There have been some that questioned the breadth of Brown’s work (he focuses primarily on white British evangelicals); as well as the depth of Brown’s causation (minimal focus on the sexual revolution of the swinging sixties). Yet a more fundamental question might need to asked and answered. Does Brown prove his central thesis that this death was so quickly and easily accomplished? Taken as a whole, Brown’s book could be read as a detailed account of the church’s slow slide into obscurity. By way of example, Brown paints the Beatles as both the primary cause and most visible effect. Brown writes that “the pop record [whose rise he argued was ‘signified’ by the release of ‘Love Me Do’], the pop magazine, radical fashion (including the mini-skirt), pop art and recreational drug-use combined to create an integrated cultural system which swept the young people of Britain.” However just two paragraphs later he states that “the Beatles were merely one band circulating discourse change, not creating it [italics his].” We all ‘know’ that John Lennon was more popular than Jesus in the 1960s; yet even God, himself, might not be able to both create and reflect reality. After the brilliance of his Victorian analysis, the last several chapters fail to hold serve. Brown wants to be able to state that the death of Christian Britain was a fast affair; yet even his book spends several chapters indenfying various seeds of this destruction which were planted as far back as 1800. His profound historical analysis often confounds his rather simplistic thesis.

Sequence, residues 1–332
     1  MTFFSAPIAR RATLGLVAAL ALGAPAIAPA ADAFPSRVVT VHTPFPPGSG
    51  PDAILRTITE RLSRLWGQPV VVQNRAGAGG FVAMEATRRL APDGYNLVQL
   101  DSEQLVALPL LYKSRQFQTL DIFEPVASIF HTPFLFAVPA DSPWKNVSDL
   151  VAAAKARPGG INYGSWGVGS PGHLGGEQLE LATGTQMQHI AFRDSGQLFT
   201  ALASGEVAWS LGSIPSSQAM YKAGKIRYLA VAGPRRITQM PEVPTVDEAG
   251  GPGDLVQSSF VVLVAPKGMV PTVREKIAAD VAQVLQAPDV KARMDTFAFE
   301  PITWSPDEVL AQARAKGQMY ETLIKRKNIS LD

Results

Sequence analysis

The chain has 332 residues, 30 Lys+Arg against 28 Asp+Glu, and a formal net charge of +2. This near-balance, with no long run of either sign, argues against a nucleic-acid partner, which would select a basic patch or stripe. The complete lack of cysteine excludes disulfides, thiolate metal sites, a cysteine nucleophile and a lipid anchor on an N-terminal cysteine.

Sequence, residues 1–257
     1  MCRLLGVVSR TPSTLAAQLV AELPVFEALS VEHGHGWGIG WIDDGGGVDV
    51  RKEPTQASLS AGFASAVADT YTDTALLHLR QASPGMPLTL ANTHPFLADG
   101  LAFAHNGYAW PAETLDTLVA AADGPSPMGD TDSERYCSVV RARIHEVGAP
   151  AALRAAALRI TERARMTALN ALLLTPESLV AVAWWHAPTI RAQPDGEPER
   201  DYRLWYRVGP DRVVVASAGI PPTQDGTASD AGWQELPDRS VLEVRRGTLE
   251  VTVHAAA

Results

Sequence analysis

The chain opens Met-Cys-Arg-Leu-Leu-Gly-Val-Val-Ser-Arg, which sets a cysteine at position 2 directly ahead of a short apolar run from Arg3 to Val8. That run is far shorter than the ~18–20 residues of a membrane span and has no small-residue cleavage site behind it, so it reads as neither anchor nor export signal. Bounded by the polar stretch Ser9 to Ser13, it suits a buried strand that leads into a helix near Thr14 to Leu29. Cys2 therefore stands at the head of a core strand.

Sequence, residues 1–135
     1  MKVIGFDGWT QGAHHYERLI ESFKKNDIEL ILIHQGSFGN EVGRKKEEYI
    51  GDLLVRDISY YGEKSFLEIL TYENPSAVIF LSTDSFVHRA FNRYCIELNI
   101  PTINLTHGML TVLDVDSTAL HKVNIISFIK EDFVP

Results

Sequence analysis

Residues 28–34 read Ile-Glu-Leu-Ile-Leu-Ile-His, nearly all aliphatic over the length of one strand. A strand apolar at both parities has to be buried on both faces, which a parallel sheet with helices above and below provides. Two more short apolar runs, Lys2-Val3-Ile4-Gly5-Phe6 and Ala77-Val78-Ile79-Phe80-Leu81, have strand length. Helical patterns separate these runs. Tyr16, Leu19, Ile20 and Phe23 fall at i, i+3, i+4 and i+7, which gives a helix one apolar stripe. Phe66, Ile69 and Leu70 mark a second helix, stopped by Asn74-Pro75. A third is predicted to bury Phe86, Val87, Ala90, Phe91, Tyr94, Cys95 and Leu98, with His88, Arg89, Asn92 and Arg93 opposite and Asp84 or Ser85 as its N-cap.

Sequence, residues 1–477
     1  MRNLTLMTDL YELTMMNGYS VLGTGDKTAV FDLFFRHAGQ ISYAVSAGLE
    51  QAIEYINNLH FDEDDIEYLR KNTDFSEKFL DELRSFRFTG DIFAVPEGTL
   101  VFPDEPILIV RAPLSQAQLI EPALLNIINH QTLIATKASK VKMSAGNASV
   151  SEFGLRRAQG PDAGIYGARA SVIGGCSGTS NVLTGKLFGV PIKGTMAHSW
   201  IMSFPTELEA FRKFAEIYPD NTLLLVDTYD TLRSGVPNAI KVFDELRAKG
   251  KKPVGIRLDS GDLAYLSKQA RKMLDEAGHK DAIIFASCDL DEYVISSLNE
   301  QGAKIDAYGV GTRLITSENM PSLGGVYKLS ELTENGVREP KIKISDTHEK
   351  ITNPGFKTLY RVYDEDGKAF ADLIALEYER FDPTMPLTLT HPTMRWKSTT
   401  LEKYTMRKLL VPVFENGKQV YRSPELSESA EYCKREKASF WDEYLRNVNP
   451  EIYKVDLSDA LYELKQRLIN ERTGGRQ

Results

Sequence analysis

Brown’s thesis might be better served by switching analogies. Perhaps rather than discussing the 1960s in terms of revolution, his ideas might be better suited to say a tsunami. The tidal wave may appear fierce and sudden when viewed from the beach; yet an oceanologist could tell you how the tidal wave can pass thousands of miles unnoticed, just a bump on the ocean, before unleashing its fury on the shallow shoals of an unsuspecting beachhead. Likewise changes over time created a bump which created the ‘sudden weaknesses’ of the British church.
Brown, despite some problems late, is no Chicken Little warning of dire consequences ahead; nor is he a little boy crying out a false alarm. One should not have to rehash the statistics thrown out by Brown to understand that for large segments of British population the sky has fallen on the British Church. This tale of the church’s disenfranchisement of the British male, followed by the departure of the British female, stands as an important and needed tale. It is also a tale that is quite unfinished. Brown’s title and thesis is related to the death of Christian Britain which is not necessarily the same thing as the death of the British Christian. All is not lost, yet. Brown was careful to note this fact in his introduction. Likewise, his tones of warm regard and regret in the conclusion show proper revealed Brown’s complex emotions on this score. The death in question concerned the ability of the British Church to set the table, and control the agenda for all of British society. It is much too early to say with any clarity and force just what this means for Britain and British society, much less the British Christian. These are questions for the historians of future generations; one can only hope that they look back at this moment in time with an equal clarity, dedication, and chutzpah.